Jay spoke about the core focus of Diablo III and the evolution of the Diablo series. Diablo I featured random dungeons and items, action based gameplay and character customization; Diablo II took that further with outdoor environments and a larger world, unique character classes and introduced a skill tree system. The goals for Diablo III are to to stay true to the Diablo experience, keeping moment-to-moment action and expanding the RPG part of the game.
What is the spirit of Diablo? Apparently, one of the hallmarks is the concept of the replayable RPG; it also revolves around having powerful heroes engaged in epic, large-scale combat, while maintaining approachable gameplay and a co-operative focus. The designers wanted to maintain Diablo's strong identity while also making improvements and advancements, rather than just remaking Diablo II.
Replayability revolves around randomness: random environments, items, encounters and -- new to Diablo III
-- random adventures. Higher difficulty levels are also key to the series' replayability. The epic heroes enable large scale combat, and are massively powerful classes in that they don't just have powerful skills but also feel powerful, almost over-the-top, in their gameplay. With strong and unique archetypes, heroes have their own identities, and these hallmarks of Diablo II
will be improved upon in III.
Approachability revolves around a design mantra of Blizzard's, "if you can click a mouse you can play Diablo
." The familiar isometric gameplay is continued in III, and Jay mentioned that they didn't consider other alternatives -- "it's Diablo.
" Gameplay is simple to learn, but deep, and the difficulty curve is smooth -- Blizzard think they did this well in Diablo II
and intend to keep it up.
"Approachability revolves around a design mantra of Blizzard's, 'if you can click a mouse you can play Diablo.'"
's always focused on co-operative play, which includes Battle.net, where you can join your friends at any time and embark on massive co-op battles together. This is a key philosophy behind III; although it doesn't rule out competitive gameplay altogether, the focus is definitely on co-op,
On to the improvements that we'll see in Diablo III
-- Blizzard wanted to build a better action game. This includes better controls, with a 'less spam more depth' approach (fewer rats to kill) and new breeds of monster that encourage innovative play. The hotbar is being changed, with the addition of skills where potions used to be, and the UI is becoming cleaner overall, promoting greater skill diversity with more opportunity to use escape, control and buff type skills rather than simply drink a potion. Specific classes will have different tactics in a pinch and the guiding phrase is "better gameplay, less carpal tunnel."
A new health system is on its way too. Initially the developers thought about a 'Halo' style rechargeable shield, but found it created the wrong effect; instead, they plan little to no downtime and encourage conflict by causing vanquished monsters to drop red health globes. They also use positional gameplay -- based on the skills and monsters in question, the player's position is really crucial to the encounter. The main outcome is to keep gameplay interesting, varied and above all fast, encouraging players to continue fighting even when low on health.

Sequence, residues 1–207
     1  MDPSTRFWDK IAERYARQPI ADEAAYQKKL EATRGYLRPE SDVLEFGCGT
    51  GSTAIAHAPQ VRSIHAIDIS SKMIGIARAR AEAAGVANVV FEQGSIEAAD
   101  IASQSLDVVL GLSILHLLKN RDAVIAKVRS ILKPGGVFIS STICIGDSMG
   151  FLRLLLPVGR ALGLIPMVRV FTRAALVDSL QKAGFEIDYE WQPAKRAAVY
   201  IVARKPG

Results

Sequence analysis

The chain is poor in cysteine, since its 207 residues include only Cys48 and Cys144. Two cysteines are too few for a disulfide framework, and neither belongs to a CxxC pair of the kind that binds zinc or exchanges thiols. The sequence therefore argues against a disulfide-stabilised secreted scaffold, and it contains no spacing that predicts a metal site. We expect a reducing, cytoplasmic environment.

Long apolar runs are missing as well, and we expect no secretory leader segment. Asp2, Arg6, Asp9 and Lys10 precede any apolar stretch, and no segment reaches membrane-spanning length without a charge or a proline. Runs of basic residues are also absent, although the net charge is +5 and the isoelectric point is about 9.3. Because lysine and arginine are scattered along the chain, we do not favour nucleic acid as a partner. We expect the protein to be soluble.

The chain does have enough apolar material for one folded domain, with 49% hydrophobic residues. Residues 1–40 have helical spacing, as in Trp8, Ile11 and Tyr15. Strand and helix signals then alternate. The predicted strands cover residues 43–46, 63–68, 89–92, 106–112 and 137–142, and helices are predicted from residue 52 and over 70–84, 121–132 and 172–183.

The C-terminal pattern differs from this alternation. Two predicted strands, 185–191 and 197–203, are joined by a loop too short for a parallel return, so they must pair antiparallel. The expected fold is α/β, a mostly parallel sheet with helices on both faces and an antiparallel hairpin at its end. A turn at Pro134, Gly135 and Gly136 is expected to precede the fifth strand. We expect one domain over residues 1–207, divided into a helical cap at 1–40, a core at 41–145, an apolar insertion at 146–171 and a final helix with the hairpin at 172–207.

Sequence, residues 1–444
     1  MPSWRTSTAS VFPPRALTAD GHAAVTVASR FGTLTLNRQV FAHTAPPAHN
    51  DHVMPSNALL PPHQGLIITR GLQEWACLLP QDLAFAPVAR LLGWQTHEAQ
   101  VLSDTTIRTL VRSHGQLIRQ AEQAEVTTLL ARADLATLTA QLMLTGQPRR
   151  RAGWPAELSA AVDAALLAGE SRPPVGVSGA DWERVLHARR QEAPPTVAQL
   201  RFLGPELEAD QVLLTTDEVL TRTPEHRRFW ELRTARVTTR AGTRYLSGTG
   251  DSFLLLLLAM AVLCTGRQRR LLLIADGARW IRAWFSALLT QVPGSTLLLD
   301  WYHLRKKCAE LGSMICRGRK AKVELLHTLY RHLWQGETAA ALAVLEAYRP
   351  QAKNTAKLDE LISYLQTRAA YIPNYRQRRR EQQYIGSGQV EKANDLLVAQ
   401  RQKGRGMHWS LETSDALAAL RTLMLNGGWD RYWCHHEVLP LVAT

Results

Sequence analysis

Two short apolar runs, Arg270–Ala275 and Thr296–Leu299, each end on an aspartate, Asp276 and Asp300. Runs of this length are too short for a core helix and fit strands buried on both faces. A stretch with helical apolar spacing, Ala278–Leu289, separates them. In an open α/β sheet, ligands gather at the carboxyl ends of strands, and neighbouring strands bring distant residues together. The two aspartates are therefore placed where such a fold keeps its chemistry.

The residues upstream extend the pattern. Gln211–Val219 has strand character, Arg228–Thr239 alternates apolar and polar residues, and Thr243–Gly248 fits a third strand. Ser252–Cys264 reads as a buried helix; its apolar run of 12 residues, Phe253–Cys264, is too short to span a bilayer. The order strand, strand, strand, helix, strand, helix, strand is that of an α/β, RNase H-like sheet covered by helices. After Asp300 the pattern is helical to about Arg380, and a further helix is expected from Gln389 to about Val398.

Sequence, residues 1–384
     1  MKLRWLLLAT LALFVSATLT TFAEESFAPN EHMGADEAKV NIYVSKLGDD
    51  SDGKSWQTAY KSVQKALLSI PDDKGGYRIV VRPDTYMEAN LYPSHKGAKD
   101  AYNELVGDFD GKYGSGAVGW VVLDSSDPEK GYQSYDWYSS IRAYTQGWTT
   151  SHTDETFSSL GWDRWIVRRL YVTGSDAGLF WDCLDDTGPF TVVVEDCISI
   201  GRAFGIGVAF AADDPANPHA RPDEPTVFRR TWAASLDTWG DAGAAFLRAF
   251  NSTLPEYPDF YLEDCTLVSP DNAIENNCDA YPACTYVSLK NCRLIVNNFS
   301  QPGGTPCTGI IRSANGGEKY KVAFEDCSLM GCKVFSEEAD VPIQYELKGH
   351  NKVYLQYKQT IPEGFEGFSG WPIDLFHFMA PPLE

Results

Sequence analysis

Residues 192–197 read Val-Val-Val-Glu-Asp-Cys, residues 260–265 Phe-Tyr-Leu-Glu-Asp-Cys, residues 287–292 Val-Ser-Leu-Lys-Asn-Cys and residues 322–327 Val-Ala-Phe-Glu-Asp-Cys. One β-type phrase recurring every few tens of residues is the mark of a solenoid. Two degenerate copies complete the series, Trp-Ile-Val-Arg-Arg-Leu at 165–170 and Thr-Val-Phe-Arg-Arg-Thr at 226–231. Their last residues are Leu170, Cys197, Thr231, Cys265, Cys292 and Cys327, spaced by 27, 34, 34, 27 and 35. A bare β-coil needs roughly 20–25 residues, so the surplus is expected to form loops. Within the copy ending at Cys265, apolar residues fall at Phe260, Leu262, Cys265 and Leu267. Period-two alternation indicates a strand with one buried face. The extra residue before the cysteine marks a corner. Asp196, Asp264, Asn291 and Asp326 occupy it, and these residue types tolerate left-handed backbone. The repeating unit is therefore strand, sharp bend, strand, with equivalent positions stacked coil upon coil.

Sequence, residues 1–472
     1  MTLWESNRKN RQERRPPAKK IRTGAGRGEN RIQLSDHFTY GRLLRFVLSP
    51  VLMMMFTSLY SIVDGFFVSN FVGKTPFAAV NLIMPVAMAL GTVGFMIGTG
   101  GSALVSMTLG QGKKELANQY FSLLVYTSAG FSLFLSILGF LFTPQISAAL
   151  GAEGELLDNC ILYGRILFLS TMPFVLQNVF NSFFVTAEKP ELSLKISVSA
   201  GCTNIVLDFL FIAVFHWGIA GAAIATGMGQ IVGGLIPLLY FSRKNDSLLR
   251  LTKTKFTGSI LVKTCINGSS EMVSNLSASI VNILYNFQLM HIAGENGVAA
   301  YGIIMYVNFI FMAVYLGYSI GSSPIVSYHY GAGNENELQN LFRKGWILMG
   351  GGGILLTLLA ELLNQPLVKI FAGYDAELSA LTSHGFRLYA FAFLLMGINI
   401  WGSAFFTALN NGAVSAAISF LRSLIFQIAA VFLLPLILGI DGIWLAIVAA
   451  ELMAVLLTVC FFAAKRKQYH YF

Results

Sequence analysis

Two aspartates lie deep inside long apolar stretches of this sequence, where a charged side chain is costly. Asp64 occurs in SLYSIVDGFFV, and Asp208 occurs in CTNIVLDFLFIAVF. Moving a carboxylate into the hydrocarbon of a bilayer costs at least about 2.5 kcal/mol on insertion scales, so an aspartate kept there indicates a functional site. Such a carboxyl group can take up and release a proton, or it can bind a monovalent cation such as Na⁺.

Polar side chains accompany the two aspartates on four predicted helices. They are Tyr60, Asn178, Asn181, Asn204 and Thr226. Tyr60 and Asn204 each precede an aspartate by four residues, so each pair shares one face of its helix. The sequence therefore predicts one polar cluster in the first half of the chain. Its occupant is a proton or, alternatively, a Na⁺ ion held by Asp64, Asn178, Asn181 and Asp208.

Jay moved on to talk a bit about the upcoming monsters. The Berserker is an aggressive creature that deals massive damage, particularly when using a charged-up attack. However, he's vulnerable if he misses an attack and so players can take advantage of that opening to defeat him -- it's an example of dynamic gameplay that keeps the player on their toes.
The Skeletal Shieldbearer is a tough monster, but with a slow and methodical approach to combat. He will often accompany ranged units and act as a 'health wall' to protect them so they can unleash hell. However, he's reliant on his shield; if the player destroys or circumvents it, he'll soon fall.
"Blizzard's key aim is to make a 'better RPG,' to improve on the story without losing the 'opt in' feel."
Blizzard's key aim with Diablo III
is to make a "better RPG," to improve on the story without losing the "opt in" feel. They wanted to remove the generic feeling from their randomly generated dungeons and bring the world to life with better interactions between the player and the world as a whole.
As part of this goal they're introducing an adventure system to the game. Adventures are scripted events that can be placed almost anywhere in the game world, for example one particular location could be host to a number of adventures spanning a cultists' summoning ritual, a haunted house or a caravan that needs an escort. As the player progresses through the game they will encounter different adventures, which will change when the game is played through again, allowing plenty of replayability.
On the subject of better interactions, conversations in Diablo III
have been improved. They are designed to bring the NPCs to life and allow for a more engaging story by giving the player a 'voice' in the game.
Jay wrapped up his presentation by summarizing that Diablo III
is true to the universe and gameplay of the series; they have created a deeper action game without losing the ease of play, and they have improved on the story and RPG elements of the series.Next: Audience Q&A